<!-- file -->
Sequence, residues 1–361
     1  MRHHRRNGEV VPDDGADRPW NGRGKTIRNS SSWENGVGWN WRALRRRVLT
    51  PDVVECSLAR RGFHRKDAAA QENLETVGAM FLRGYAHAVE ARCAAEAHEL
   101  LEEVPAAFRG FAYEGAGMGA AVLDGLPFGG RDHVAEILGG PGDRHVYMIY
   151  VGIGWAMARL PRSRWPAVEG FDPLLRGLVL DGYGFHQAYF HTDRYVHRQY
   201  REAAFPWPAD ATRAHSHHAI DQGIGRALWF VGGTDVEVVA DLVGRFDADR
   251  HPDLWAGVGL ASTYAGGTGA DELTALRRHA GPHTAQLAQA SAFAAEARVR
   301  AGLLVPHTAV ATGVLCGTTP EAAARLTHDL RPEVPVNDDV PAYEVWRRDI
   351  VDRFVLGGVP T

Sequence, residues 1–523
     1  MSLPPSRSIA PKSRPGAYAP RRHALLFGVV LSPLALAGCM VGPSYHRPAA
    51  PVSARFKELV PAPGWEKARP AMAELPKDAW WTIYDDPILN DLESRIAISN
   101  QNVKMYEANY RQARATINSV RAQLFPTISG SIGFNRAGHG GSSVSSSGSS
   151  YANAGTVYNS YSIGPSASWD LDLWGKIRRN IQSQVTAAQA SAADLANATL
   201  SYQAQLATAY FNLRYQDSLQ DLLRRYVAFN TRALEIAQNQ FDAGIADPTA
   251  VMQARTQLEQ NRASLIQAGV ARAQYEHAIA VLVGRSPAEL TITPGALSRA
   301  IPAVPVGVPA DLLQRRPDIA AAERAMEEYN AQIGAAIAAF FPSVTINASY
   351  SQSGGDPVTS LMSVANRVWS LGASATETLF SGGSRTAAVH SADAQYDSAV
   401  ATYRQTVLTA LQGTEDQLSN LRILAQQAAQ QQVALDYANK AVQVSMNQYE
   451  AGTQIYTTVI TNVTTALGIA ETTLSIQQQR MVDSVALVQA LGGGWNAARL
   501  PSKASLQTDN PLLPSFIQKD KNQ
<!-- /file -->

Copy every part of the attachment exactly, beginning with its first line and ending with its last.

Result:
Sequence, residues 1–361
     1  MRHHRRNGEV VPDDGADRPW NGRGKTIRNS SSWENGVGWN WRALRRRVLT
    51  PDVVECSLAR RGFHRKDAAA QENLETVGAM FLRGYAHAVE ARCAAEAHEL
   101  LEEVPAAFRG FAYEGAGMGA AVLDGLPFGG RDHVAEILGG PGDRHVYMIY
   151  VGIGWAMARL PRSRWPAVEG FDPLLRGLVL DGYGFHQAYF HTDRYVHRQY
   201  REAAFPWPAD ATRAHSHHAI DQGIGRALWF VGGTDVEVVA DLVGRFDADR
   251  HPDLWAGVGL ASTYAGGTGA DELTALRRHA GPHTAQLAQA SAFAAEARVR
   301  AGLLVPHTAV ATGVLCGTTP EAAARLTHDL RPEVPVNDDV PAYEVWRRDI
   351  VDRFVLGGVP T

Sequence, residues 1–523
     1  MSLPPSRSIA PKSRPGAYAP RRHALLFGVV LSPLALAGCM VGPSYHRPAA
    51  PVSARFKELV PAPGWEKARP AMAELPKDAW WTIYDDPILN DLESRIAISN
   101  QNVKMYEANY RQARATINSV RAQLFPTISG SIGFNRAGHG GSSVSSSGSS
   151  YANAGTVYNS YSIGPSASWD LDLWGKIRRN IQSQVTAAQA SAADLANATL
   201  SYQAQLATAY FNLRYQDSLQ DLLRRYVAFN TRALEIAQNQ FDAGIADPTA
   251  VMQARTQLEQ NRASLIQAGV ARAQYEHAIA VLVGRSPAEL TITPGALSRA
   301  IPAVPVGVPA DLLQRRPDIA AAERAMEEYN AQIGAAIAAF FPSVTINASY
   351  SQSGGDPVTS LMSVANRVWS LGASATETLF SGGSRTAAVH SADAQYDSAV
   401  ATYRQTVLTA LQGTEDQLSN LRILAQQAAQ QQVALDYANK AVQVSMNQYE
   451  AGTQIYTTVI TNVTTALGIA ETTLSIQQQR MVDSVALVQA LGGGWNAARL
   501  PSKASLQTDN PLLPSFIQKD KNQ